So, what should Christians do in light of the information that is covered here? Dr. Trueman brings hope by pointing to the similarities of the 2nd century, when a fledgling Church had none of the advantages we are used to relying on and was openly hated and attacked by many in the places where it was found. This Church laid the foundation for a movement that would change the world and the author believes that the modern Church has the same options before them.

…she did it by what means? By existing as a close-knit, doctrinally bounded community that required her members to act consistently with their faith and to be good citizens of the earthly city as far as good citizenship was compatible with faithfulness to Christ

Followers of Jesus who faithfully held to His teachings and called on others to do the same did change the world in a time when all earthly momentum was against them. I for one find hope in this declaration and even though much of this book might point to very little to be encouraged about in the modern society, it is this absence of power that might cause us to turn to Him who holds the true power to make a difference. Dr. Trueman’s book is available here, and you can also read or listen to it as a member of Scribd, which is how I obtained it.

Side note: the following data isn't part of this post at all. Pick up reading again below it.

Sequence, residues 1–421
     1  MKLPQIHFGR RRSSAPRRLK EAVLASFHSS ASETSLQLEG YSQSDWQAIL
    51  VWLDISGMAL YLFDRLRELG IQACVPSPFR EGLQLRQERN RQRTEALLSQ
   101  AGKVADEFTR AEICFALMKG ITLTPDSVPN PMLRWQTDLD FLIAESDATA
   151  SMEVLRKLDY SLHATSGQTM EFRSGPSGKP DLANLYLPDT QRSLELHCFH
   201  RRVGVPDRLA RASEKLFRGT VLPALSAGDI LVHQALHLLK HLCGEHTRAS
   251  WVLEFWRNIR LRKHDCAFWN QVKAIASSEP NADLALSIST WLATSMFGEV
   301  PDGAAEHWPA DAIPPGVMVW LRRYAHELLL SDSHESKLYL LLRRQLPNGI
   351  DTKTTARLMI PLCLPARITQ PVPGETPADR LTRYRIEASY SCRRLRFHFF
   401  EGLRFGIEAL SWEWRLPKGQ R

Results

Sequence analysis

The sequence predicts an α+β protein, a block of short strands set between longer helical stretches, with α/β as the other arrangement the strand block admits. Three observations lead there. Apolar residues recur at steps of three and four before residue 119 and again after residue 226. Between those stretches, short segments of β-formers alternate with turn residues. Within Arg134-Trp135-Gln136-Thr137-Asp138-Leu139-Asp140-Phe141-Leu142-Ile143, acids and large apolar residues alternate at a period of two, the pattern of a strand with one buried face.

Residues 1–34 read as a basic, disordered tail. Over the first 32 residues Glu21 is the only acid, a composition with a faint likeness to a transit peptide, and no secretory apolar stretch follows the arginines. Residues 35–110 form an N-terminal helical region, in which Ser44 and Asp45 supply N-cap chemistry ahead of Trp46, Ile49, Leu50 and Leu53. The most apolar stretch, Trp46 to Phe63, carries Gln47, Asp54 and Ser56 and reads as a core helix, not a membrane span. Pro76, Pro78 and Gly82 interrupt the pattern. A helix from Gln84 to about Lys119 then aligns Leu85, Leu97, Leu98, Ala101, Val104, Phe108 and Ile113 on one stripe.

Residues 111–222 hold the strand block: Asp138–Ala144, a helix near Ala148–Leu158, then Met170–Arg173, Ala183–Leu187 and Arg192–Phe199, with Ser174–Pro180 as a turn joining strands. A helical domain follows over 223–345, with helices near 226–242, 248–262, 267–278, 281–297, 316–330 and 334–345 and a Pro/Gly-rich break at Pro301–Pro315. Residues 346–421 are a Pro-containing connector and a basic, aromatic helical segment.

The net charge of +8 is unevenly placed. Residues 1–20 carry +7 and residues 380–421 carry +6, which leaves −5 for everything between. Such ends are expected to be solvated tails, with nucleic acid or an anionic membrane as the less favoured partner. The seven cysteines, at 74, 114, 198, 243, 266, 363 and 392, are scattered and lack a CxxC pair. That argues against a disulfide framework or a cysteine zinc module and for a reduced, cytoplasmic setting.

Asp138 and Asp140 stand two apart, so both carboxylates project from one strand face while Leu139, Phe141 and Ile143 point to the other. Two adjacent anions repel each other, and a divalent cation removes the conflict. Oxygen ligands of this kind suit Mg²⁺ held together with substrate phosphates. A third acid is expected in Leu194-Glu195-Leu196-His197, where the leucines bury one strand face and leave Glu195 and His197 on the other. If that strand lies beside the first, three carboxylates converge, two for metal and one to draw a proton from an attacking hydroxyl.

Living in a Broken World


These are vivid words used to describe things that are not as they should be. Whether it is a relationship, a life or the world we live in, people often look around and find themselves feeling overwhelmed by the “wrongness” of it all. The last year has only added to this feeling. I’ve read several articles about how the world is “broken”. Instead of pinpointing one specific problem that is behind it all, instead there is an overall sense that things are so wrong they can’t easily be made right. This problem is bigger than bad circumstances that we find ourselves in, bigger than any one solution and beyond the scope of any leader to fix.

Cultural and racial issues are one area of the broken world that was especially prominent during the last year. Various activist groups expressed dissatisfaction and outrage at injustice that they saw both generally and illustrated in a few specific situations. People wanted things to change, to be better and to see an end to what was wrong, but it was difficult to find a clear, tangible solution that would fix what was broken in society. People saw injustices repeated over and over again and their frustration led to a variety of actions, some more helpful than others. Some of the more extreme responses created more brokenness and division, even between groups that agreed that something needed to change.